If you’re diabetic and vegetarian, you may be after better ways to get all the nutrients you need from food without impacting your health in the process. Unfortunately, having diabetes can restrict what you’re able to eat and sometimes make it trickier to create healthy meals which still taste great.
Maintaining a balanced diet when you’re diabetic will go a long way in ensuring your blood sugars at the correct level. With a little know-how and a few new recipes under your belt, you’ll be able to enjoy healthy and utterly delicious meals every day of the week!
What foods should you avoid if you’re diabetic?
Whether you’ve had diabetes for most of your life or you’ve only recently be diagnosed, it’s important that you follow a healthy diet which isn’t high in the following:1
Foods which are high in either added or natural sugars are a big no-no for diabetics as they can play havoc with your blood sugar levels. As well as obvious things like biscuits, cakes and chocolate, many products may have sugar added to them without you realising. Watch out for yoghurt, breakfast cereals and juices in particular.
Eating high amounts of trans fats (a form of unsaturated fats) can impact your health negatively – regardless of whether you’re diabetic or not. Nevertheless, some research has found that having high amounts of unsaturated fats in your diet may be linked to insulin resistance. What’s more, they increase your risk of having high cholesterol or developing things like heart disease.
Typically, you’ll find trans fats in food items like margarine, many cooking oils, ready meals and store-bought baked goods.
Eating large amounts of processed foods made from highly refined flour have been shown to increase blood sugar levels in those with diabetes. You should try to avoid eating lots of white bread and pasta or switch them up for a whole wheat or gluten-free product.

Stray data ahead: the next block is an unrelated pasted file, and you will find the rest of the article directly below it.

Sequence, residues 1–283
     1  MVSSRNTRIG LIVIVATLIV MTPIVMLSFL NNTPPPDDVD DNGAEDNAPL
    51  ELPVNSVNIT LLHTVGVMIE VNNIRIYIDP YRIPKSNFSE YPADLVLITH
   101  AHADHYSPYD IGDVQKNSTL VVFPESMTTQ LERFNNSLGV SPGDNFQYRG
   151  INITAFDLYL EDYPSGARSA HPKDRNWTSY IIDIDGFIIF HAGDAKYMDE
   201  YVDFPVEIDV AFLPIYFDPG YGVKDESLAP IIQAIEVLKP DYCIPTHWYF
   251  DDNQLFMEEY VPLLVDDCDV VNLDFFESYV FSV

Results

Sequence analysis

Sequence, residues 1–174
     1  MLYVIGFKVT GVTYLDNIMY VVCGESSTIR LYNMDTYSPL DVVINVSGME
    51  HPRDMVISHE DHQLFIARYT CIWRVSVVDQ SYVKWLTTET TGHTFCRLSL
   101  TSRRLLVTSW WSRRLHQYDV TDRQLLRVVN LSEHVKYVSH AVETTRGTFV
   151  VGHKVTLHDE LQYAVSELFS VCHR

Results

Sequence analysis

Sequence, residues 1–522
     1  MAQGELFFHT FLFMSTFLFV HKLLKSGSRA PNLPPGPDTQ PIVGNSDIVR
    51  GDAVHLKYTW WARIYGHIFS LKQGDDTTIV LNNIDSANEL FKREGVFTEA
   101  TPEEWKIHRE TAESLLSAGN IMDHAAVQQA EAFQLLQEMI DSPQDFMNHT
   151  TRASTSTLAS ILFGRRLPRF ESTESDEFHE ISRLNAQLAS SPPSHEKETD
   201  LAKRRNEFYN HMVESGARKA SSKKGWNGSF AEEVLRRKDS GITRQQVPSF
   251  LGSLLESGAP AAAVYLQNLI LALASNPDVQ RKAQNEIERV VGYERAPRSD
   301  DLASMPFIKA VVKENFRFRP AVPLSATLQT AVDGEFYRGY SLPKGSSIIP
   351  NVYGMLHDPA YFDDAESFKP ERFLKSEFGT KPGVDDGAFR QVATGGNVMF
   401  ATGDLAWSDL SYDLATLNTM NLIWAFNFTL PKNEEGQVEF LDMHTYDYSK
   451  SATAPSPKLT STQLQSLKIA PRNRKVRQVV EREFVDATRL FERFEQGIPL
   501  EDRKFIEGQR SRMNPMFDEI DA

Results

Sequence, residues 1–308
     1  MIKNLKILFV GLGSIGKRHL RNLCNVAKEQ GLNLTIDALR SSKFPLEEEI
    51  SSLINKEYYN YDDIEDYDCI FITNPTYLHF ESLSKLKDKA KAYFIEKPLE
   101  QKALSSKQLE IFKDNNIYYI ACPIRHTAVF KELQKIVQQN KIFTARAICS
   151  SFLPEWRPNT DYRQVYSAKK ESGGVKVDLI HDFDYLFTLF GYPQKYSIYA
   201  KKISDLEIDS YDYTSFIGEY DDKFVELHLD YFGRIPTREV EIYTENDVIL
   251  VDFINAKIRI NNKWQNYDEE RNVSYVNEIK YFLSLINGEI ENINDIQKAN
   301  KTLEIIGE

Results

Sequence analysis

Remember that you should also always be aiming to eat at least five portions of fruit and veg a day. As some fruit can be high in natural sugars, it’s a good idea to make most of your five a day allocations vegetables if you’re diabetic.
Popular substitutes to use if you’re vegetarian and diabetic
If you’re keen to keep your diet healthy and free from the foods listed above, why not swap out:2
- White pasta for whole wheat, lentil or chickpea pasta
Whole wheat pasta typically contains three times as much fibre as white pasta, plus it has less risk of spiking your blood sugar levels. If you’re gluten-free, chickpea or lentil pastas are fantastic options which are high in both fibre and protein.3
- White bread for wholegrain
White bread can be highly processed and a poor match for people trying to follow a diabetic diet. Consider switching to wholegrain or wholemeal bread instead. You could even make your own using spelt, buckwheat or brown rice flour.
- Baked snacks instead of fried
If crisps and crackers are your favourite kind of snacks, make sure you’re choosing options which have been baked instead of fried. Snacks which are fried in oil tend to have a higher ratio of trans fats.
- Fresh fruit instead of juice
While freshly squeezed juice doesn’t normally have any added sugar in it, it has been stripped of all its fibre during the juicing process. Try consuming fruit whole instead of in liquid form to benefit from the fibre and nutrients found in its skin and pulp.
Four great diabetic vegetarian recipes to try
- Vegetarian black bean fajitas
Black beans are a great source of protein and the ideal ingredient to mix in with bell peppers, onions and mushrooms to create a fajita filling. Choose wholemeal, spinach or beetroot wraps.
- Roasted vegetable pizza
Try making your own whole wheat pizza bases from scratch and then topping them with vegetables like bell peppers, courgettes and onion. Make your own tomato base by blending fresh tomatoes into a sauce.
- Lentil or quinoa burgers
Lentils and quinoa make wonderful bases for healthy veggie burgers, plus the latter is a whole grain ideal for diabetics trying to avoid overly processed foods. Make them by pre-cooking quinoa or lentils and combining them with grated carrot, mashed cannellini beans, wholegrain breadcrumbs, spring onion, seasoning and one whisked egg. Shape into patties and lightly fry on both sides until golden brown.
- Moroccan-style stew
This is an easy one-pot meal that’s low fat and filled with vitamin-packed vegetables. Simply combine butternut squash, sweet potato, aubergine, chickpeas and tomatoes with some water and spices in a casserole dish and simmer until tender. Serve with wholemeal pitta bread for dunking.4
Last updated: 6 May 2020